Cricketer Phil Hughes has died. He was 25. He was turning 26 on Sunday.

Hughes was playing in the opening day of a Sheffield Shield match between New South Wales and South Australia on Tuesday when he attempted to pull a short ball from NSW paceman Sean Abbott.

The ball struck Hughes in the back of the head, causing him to collapse face first onto the pitch.

He was taken to St Vincent’s Hospital, placed in an induced coma and underwent an operation to relieve swelling on his brain.

Play was abandoned, along with two other Sheffield Shield matches underway.

Here is the statement from Australian team doctor Peter Brukner:

It is my sad duty to inform you that a short time ago Phillip Hughes passed away.
He never regained consciousness following his injury on Tuesday.
He was not in pain before he passed and was surrounded by his family and close friends.
As a cricket community we mourn his loss and extend our deepest sympathies to Phillip’s family and friends at this incredibly sad time.
Cricket Australia kindly asks that the privacy of the Hughes family, players and staff be respected.

Brukner said that Hughes’ injury was incredibly rare in medical history. There were only around 100 cases of the particular injury recorded, he said, and “only one caused by a cricket ball”.

Cricketers, politicians, and celebrities joined in an outpouring of grief on social media.

Phillip Hughes and David Warner. Photo: Getty Images

The 25-year-old son of a banana farmer was from the NSW mid north coast town of Macksville, just south of Coffs Harbour. He made his debut for NSW in 2007 and played for his home state for six years before moving to South Australia in 2012.

He made his debut for Australia in 2009 against South Africa as the youngest cricketer ever to score back-to-back centuries in a test match. But he was subsequently dropped during the Ashes series. Both talented and erratic, Hughes has been in and out of the test side ever since, and was pushing for a return against India next week in Brisbane.

When he started playing one-day cricket in January last year, Hughes became the first Australian batsman in ODI history to score a century on debut. He played in his first Twenty20 for Australia last month against Pakistan.

Prime Minister Tony Abbott offered his condolences, thoughts and prayers to the Hughes family, saying Phillip was a young man living out his dreams.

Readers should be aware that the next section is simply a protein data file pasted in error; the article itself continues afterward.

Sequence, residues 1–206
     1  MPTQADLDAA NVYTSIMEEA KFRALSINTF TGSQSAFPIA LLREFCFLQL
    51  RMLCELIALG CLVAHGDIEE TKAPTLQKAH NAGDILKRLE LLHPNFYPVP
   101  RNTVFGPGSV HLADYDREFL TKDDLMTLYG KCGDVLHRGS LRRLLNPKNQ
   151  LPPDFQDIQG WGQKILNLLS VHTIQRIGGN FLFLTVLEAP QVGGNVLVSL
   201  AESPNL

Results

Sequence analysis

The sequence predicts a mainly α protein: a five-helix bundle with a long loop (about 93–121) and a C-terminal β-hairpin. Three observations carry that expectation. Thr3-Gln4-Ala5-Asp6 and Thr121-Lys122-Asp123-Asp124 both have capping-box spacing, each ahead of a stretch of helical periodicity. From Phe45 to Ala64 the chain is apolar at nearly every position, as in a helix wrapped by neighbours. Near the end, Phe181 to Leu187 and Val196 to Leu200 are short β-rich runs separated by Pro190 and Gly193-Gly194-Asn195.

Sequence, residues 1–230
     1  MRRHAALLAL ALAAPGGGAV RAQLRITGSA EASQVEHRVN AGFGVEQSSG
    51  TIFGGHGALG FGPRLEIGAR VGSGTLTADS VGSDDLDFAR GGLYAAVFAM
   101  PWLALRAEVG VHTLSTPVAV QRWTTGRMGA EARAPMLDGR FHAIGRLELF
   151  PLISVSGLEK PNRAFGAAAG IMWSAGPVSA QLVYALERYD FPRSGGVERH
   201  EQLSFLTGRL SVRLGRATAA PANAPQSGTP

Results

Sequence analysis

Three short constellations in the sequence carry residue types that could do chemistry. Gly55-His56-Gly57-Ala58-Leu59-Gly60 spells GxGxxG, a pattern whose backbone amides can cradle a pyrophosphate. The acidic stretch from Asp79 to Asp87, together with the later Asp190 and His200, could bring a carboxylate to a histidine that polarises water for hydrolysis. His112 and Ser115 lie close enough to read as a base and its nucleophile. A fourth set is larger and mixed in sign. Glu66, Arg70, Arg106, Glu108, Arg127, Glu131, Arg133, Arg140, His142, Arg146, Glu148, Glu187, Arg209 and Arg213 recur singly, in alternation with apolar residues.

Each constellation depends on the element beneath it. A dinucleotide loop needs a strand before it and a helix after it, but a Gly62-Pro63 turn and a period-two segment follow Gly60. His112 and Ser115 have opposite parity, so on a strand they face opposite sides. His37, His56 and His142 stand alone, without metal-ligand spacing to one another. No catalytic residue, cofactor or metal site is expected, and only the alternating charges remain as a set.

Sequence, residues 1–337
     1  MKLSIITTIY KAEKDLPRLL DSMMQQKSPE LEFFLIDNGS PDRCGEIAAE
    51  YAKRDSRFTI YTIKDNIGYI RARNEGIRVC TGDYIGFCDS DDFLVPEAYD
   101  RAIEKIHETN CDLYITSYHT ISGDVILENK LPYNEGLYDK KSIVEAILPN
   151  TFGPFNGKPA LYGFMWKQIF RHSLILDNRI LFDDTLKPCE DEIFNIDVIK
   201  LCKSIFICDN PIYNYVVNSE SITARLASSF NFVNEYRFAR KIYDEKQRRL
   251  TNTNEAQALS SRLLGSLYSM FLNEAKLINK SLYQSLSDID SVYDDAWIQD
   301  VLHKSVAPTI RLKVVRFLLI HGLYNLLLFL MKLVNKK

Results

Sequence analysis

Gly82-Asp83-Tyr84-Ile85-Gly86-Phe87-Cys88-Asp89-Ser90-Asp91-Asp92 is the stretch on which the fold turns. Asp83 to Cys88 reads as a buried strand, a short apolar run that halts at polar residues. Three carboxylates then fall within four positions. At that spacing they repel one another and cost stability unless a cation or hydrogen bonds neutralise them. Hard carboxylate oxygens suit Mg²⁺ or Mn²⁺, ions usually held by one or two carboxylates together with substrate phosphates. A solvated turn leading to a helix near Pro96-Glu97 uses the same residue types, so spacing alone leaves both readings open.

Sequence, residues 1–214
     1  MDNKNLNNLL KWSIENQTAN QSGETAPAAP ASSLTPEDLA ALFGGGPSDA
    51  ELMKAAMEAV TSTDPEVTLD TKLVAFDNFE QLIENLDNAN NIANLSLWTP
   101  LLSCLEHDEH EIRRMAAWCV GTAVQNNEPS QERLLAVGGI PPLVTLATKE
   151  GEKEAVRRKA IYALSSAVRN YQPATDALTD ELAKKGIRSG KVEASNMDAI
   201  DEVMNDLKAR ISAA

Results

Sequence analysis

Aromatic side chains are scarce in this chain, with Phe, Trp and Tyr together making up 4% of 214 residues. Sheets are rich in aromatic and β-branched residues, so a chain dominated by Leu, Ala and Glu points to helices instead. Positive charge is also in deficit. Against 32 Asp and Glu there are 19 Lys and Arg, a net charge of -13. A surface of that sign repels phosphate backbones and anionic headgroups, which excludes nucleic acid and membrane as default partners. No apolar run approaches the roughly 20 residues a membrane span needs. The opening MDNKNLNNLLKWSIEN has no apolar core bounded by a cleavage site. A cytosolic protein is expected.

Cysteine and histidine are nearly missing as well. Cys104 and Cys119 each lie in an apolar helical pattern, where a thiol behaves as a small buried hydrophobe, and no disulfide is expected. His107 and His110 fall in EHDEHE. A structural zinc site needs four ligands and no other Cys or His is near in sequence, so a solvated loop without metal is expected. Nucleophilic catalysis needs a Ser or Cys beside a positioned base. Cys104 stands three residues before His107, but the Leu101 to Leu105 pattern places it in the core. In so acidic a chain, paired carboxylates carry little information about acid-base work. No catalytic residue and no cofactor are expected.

“What happened has touched millions of Australians,” Abbott said.

“For a young life to be cut short playing our national game seems a shocking aberration… Australians’ thoughts and prayers are with the Hughes family.”

Throughout his career, Hughes has celebrated some of the most amazing records and achievements in cricket history.

Speaking at a press conference this afternoon Australian Captain Michael Clarke said “it is an understatement to say we are completely devastated”.

Clarke also read a statement from the Hughes family which said:

“We are devastated by the loss of our much loved son and brother Phillip. It’s been a very difficult few days and we appreciate all the support we have received from family, friends, players, Cricket Australia and the general public. Cricket was Phillip’s life and we as a family share that love of the game with him. We would like to thank all the medical and nursing staff at St Vincent’s Hospital and Cricket NSW medical staff for their great efforts with Phillip. We love you.”

Phillip Hughes at Sheffield Shield. Photo: Getty Images

A doctor from St Vincent’s hospital who led the treatment of Hughes upon his arrival at hospital described the head injury from the blow as “catastrophic”.

“He had a massive bleed into his brain. This is frequently fatal at the time.”

Hughes was given a CAT scan which showed his head had filled with blood around the brain.

He then underwent surgery for one hour and 20 minutes which included removing some of the skull to remove pressure on the brain. He was transferred to intensive care.

“He did not make very much improvement as we know,” he said. “As a consequence of the injury, he died.”

Cricket Australia boss James Sutherland said “Cricket Australia puts its collective arms around the Hughes’ family,” adding, “Without a doubt he was a rising star whose best cricket was still ahead of him.”

“He will forever be remembered as one of the elite few to have worn the baggy green cap, cap number 408 to be precise,” he said.

Speaking outside the Sydney Cricket Ground, NSW Cricket chief executive Andrew Jones said Phil “grew up in NSW and is a former Blue and is held in the highest regard by his current and former teammates.”

“Just heard. In shock,” wrote actor Russell Crowe. “My deep condolences to the family of Phillip Hughes.”

Former CNN host Piers Morgan wrote: “RIP Phillip Hughes. An absolute tragedy for his family, Australia and anyone who loves cricket.  Just awful.”

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